Accountants, bankers, lawyers and other advisors are being targeted in HMRC’s latest tax crackdown, as those who enable offshore tax evasion now face strict sanctions which came into effect on 1st January.
The government is closer than ever to closing the loophole of offshore schemes. In addition to existing penalties for users and providers of offshore schemes for the purpose of tax evasion, including prison sentences for conviction, there are now civil penalties for the enablers of offshore tax evasion.
Effective 1st January 2017, the government passed legislation that allows civil penalties for enabling tax evasion, which would be payable by the person who enables someone to commit tax evasion via an offshore scheme.
When an enabler of an offshore scheme is aware that their actions would allow someone to evade tax, and the user of the scheme is convicted or found liable for evaded tax, the enabler will face the following penalties:
- Up to 100% of the tax evaded, or
- £3,000 – whichever is highest
Furthermore, HMRC will now be able to publish the names of those who have enabled tax evasion via offshore schemes.
The new penalties prove that the government is gunning for the outlaw of offshore schemes for individuals living in the UK, working in the UK, and getting paid for work done in the UK. If you are a contractor in the UK who works via your own UK limited company or an umbrella company, this applies to you as well.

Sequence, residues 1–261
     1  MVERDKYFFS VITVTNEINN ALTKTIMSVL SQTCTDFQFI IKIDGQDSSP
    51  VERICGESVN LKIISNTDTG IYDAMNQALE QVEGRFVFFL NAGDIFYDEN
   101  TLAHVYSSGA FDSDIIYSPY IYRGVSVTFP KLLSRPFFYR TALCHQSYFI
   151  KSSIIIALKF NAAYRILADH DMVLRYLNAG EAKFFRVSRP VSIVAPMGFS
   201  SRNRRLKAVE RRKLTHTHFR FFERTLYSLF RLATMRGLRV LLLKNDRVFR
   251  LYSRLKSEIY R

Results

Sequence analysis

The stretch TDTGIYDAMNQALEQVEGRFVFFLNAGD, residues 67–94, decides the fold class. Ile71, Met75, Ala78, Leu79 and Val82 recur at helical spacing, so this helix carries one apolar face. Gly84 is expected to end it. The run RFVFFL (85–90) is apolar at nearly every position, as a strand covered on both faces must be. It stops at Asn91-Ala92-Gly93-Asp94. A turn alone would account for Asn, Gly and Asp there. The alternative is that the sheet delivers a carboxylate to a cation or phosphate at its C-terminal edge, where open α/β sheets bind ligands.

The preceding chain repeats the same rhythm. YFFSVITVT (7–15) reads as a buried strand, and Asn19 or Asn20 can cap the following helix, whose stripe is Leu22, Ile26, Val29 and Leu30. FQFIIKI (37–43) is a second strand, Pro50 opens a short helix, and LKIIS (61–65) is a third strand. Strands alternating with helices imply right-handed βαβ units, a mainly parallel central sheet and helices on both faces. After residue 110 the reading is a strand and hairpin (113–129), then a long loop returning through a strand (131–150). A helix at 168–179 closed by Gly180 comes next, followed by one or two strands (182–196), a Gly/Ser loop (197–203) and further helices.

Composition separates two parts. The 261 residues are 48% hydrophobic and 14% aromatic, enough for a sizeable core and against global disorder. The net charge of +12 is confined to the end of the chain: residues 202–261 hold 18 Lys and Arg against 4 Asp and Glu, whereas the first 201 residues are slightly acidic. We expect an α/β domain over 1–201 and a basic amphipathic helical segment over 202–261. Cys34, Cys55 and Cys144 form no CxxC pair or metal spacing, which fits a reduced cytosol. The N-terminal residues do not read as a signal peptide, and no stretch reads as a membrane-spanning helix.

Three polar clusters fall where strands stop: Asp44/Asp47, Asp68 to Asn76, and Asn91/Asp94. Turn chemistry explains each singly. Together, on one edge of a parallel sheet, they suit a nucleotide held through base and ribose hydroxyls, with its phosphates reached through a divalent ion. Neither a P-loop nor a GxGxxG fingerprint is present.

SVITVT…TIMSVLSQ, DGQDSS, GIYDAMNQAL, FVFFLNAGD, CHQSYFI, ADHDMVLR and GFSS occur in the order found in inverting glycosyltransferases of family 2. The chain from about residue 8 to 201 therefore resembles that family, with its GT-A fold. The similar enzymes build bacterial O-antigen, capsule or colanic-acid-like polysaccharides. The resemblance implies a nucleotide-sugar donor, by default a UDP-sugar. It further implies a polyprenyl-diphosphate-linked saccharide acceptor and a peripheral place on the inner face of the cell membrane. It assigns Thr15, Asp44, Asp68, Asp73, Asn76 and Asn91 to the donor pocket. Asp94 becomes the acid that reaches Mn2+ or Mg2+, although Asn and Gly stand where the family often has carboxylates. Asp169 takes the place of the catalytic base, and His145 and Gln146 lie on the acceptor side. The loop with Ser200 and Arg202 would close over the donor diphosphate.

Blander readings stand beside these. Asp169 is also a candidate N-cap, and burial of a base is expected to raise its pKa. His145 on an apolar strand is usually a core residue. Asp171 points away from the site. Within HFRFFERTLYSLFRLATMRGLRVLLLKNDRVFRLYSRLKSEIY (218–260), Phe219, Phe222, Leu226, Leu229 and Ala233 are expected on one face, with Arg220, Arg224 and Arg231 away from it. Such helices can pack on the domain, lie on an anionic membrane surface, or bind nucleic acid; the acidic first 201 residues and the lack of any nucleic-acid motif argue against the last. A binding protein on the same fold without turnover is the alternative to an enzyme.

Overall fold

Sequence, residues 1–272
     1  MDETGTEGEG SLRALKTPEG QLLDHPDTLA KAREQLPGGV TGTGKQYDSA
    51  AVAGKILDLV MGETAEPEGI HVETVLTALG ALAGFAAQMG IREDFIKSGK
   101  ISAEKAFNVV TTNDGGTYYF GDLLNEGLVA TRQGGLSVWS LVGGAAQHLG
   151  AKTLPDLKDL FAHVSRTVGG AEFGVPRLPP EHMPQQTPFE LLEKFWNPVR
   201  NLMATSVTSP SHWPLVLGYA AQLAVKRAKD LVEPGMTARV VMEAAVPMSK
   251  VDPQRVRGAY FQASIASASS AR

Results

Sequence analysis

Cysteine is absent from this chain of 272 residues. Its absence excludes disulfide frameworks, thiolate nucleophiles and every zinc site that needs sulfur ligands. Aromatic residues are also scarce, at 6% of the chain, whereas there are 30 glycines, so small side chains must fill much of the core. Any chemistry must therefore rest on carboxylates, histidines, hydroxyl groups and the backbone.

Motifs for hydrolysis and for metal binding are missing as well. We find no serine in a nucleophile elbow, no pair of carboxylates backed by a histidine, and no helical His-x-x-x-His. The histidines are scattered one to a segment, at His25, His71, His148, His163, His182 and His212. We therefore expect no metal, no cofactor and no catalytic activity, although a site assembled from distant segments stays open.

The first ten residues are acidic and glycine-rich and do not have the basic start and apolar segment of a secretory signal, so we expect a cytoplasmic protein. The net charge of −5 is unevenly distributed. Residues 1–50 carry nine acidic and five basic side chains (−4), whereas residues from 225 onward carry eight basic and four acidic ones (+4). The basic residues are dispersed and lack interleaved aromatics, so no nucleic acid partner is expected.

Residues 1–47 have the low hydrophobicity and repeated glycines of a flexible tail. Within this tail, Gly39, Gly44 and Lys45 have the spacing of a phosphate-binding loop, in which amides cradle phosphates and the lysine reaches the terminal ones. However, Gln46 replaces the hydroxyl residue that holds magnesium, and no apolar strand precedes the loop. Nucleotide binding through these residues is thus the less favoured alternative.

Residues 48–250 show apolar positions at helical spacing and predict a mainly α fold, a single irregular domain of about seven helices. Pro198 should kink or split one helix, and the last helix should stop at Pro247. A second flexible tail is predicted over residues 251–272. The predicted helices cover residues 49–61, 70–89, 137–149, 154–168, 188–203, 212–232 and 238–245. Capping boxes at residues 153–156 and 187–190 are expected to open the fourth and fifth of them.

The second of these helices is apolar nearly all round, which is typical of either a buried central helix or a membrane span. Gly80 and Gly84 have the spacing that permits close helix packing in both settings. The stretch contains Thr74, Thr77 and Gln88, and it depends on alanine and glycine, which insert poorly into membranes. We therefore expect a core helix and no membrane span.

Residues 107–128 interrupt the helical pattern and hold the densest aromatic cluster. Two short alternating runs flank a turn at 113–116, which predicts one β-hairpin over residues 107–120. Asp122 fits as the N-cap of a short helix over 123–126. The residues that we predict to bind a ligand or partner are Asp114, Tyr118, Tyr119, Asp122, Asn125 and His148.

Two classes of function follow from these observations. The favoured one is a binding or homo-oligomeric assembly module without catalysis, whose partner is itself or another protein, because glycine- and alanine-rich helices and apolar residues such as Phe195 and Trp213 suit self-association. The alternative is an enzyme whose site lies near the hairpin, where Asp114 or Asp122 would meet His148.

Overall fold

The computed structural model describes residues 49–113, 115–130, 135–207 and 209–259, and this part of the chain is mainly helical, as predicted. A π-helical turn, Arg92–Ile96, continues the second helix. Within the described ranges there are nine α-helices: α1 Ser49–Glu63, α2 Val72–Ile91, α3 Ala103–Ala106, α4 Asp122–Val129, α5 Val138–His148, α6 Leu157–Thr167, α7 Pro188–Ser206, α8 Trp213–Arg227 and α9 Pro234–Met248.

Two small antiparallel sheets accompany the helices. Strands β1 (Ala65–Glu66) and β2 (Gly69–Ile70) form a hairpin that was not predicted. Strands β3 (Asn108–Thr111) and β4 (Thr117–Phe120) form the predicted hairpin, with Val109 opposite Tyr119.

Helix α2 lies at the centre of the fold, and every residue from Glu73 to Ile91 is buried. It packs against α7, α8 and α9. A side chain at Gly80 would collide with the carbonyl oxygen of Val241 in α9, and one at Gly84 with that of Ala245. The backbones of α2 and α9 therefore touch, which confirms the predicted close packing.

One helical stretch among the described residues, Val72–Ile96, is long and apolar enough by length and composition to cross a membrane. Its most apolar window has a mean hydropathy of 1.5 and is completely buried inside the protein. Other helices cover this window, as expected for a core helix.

Tax evasion is a criminal offence punishable by monetary fines or a prison sentence, however the government also has a way to recoup the tax from those who commit tax avoidance.
Tax avoidance is not illegal, however with regards to offshore schemes, HMRC can retrospectively apply tax legislation which will require individuals who used offshore schemes as a way of avoiding tax, requiring them to pay fines and backdated taxes.
This means that if you are a contractor who has used an offshore scheme to avoid tax in the year 1987 or later, at some point HMRC might come knocking for the tax you owe.
So with all of the above said, the question you should ask yourself is:
Are offshore schemes worth the risk?
If your contract work is mostly in the UK and you predominantly live in the UK, you must pay UK taxes. Therefore if you use an offshore scheme to try to avoid or evade tax, HMRC will eventually catch you and you will eventually have to pay up.
There are ways you can legally increase your take home pay with the help of compliant, UK-based contractor accountants. Look for an accountant who has a perfect compliance record with HMRC – they will give you peace of mind so you won’t need to worry if you will owe backdated taxes in the future. Furthermore, a good contractor accountant will still be able to maximise your take home pay through personalised tax planning.